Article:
Our Hobby is Depeche Mode
A film by Jeremy Deller & Nick Abrahams.
Followed by a Depeche Mode party to celebrate Dave Day with DJs from 9pm.
In Russia, 9 May is Victory Day, a national holiday marking Germany’s surrender to the Soviet Union in 1945. Or rather it is Dave Day for a group of Muscovite Depeche Mode fans. On Dave Day fans gather together to celebrate the birthday of the lead singer of the group, Dave Gahan, with homemade banners, mass sing-alongs and club nights.
Our Hobby is Depeche Mode (2008) is co-directed by Turner Prize-winning artist Jeremy Deller and filmmaker Nicholas Abrahams, who has worked has spanned music videos with Leftfield, Huggy Bear, Manic Street Preachers to shorts and features. From being a symbol of hope in Soviet-era Eastern Europe to acting as a form of rebellion for youths in Iran, Depeche Mode have exerted a powerful influence on their fans worldwide. This documentary meets the fans and hears their stories of faith and devotion.
Depeche Mode formed as an electronic synth group in Basildon, Essex, in 1980 and have become one of the world’s biggest-selling bands. Across the Soviet Union before the fall of Communism the band’s music was exchanged on bootlegged cassettes and formed part of the soundtrack of the years leading to the fall of the iron curtain. The situation is echoed in Tehran where fans take risks listening to their music in a country that banned all Western music since the Islamic Revolution. Elsewhere in the UK, the church of St Edward the King and Martyr in Cambridge holds services for goths where they play Depeche Mode records.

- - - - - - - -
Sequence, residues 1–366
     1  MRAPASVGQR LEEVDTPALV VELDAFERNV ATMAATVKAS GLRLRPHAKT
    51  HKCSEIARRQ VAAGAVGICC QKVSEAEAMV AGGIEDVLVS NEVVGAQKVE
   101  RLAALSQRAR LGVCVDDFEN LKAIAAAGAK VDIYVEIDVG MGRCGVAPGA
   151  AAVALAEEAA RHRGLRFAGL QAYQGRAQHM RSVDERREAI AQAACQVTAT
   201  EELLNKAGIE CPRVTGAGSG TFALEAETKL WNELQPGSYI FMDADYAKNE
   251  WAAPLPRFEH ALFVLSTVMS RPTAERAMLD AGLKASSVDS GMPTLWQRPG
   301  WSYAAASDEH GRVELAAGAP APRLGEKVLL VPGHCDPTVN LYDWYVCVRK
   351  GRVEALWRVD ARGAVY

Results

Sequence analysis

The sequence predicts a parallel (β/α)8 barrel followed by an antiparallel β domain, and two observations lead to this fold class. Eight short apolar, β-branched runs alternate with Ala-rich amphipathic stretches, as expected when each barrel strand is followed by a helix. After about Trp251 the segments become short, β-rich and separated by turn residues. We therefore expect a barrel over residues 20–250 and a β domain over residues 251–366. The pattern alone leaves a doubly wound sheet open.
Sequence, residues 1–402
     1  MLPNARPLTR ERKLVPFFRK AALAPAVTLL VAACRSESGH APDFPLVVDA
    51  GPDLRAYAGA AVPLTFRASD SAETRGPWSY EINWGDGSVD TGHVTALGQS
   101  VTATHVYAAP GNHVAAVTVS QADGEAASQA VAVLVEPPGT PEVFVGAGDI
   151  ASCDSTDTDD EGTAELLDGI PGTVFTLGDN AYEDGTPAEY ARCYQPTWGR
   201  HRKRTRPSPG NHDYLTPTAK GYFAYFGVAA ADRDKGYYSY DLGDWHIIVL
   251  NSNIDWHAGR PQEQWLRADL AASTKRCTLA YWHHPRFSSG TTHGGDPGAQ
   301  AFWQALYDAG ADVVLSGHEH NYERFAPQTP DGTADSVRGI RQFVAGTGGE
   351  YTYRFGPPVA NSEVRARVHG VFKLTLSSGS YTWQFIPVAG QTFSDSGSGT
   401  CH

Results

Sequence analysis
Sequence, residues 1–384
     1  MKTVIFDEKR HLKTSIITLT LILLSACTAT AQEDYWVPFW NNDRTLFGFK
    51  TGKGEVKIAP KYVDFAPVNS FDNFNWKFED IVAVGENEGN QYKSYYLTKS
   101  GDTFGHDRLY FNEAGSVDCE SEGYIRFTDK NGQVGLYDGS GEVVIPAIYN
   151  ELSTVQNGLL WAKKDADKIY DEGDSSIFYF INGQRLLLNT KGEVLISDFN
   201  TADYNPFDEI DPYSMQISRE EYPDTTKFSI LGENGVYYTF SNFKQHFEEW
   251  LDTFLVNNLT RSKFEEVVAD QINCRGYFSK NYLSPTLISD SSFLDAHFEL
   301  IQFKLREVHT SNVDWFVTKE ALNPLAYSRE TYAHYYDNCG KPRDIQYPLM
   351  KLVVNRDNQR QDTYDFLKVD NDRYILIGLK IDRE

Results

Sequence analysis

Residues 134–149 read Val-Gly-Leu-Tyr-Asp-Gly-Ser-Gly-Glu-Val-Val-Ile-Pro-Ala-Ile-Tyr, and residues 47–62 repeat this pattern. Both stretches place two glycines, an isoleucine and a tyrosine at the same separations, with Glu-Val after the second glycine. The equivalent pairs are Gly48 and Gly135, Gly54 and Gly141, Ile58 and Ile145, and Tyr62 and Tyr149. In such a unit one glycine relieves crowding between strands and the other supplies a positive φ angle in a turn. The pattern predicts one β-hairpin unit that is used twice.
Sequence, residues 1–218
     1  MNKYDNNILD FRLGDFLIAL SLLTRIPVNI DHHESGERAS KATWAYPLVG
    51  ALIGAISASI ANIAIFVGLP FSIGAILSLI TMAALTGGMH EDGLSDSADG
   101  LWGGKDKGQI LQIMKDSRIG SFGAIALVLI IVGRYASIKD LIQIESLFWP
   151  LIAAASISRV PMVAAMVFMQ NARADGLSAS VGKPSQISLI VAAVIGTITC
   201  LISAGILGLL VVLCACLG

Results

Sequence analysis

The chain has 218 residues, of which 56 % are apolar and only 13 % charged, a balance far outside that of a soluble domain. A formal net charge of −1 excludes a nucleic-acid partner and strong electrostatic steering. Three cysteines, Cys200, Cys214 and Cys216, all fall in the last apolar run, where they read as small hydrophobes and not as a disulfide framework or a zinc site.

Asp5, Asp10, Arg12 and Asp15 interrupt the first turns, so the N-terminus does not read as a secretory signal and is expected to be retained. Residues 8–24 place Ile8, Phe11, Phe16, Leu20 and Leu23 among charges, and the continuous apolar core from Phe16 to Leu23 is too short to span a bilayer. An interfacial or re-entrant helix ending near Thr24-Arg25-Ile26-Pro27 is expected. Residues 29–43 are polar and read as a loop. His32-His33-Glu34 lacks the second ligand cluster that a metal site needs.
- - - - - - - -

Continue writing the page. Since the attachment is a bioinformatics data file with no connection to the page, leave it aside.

The film will be followed by a Depeche Mode party to celebrate Dave Day at Number Nine Guildhall Road, with DJs playing music by the band and their remixes from 9pm. Both the film screening and Depeche Mode party are free to attend and everyone is welcome.
The screening and Depeche Mode party are a precursor for the next exhibition at NN, Political Toasts featuring work by Art Laboratory, Flávia Müller Medeiros and Kristina Norman opening on 16 May 2013, 6pm.
‘A brilliant documentary’ The Sunday Telegraph
‘A sad, funny portrait of pop music’s multiple confusions’ Sight & Sound
‘Hilarious, brilliantly edited and politically fascinating’ Dazed and Confused
‘A fantastic film’ Daniel Miller, Mute records
‘If it’s wrong to get goosebumps watching a marching band play “Personal Jesus,” then we don’t want to be right’ LA Times